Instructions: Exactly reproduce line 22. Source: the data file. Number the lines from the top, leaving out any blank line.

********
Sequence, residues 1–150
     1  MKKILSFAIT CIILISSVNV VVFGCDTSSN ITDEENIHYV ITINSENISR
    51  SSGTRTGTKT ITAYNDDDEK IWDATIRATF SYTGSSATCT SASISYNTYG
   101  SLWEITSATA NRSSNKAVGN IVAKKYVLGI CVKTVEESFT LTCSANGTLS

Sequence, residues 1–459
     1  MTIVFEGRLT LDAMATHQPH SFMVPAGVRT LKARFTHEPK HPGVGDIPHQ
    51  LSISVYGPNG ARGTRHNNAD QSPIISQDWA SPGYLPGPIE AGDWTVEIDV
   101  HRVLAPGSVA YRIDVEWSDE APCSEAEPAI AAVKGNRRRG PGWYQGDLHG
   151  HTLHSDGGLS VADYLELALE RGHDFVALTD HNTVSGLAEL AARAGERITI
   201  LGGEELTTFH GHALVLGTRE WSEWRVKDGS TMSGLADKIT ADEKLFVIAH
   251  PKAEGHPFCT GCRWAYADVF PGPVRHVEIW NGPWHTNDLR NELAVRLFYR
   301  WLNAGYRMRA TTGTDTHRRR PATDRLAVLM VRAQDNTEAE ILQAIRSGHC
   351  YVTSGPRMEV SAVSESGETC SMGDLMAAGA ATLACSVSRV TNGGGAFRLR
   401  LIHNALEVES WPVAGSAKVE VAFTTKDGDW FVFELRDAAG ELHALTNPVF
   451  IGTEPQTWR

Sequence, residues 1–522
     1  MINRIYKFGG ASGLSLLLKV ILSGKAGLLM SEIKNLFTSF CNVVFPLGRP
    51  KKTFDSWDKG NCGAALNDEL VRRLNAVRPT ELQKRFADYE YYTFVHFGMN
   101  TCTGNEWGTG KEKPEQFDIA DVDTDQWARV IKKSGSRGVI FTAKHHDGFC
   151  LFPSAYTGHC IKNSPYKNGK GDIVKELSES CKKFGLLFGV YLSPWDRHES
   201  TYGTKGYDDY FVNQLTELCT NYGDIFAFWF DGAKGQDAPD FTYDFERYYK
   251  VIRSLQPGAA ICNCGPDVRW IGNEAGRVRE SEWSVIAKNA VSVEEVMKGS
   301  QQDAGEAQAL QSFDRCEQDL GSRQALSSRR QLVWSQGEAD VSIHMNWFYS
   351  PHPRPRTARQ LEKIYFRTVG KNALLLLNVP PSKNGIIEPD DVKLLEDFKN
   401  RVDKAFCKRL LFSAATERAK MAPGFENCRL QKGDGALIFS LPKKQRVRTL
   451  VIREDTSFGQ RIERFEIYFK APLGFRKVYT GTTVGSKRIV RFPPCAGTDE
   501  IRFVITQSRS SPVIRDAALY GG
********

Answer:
   251  VIRSLQPGAA ICNCGPDVRW IGNEAGRVRE SEWSVIAKNA VSVEEVMKGS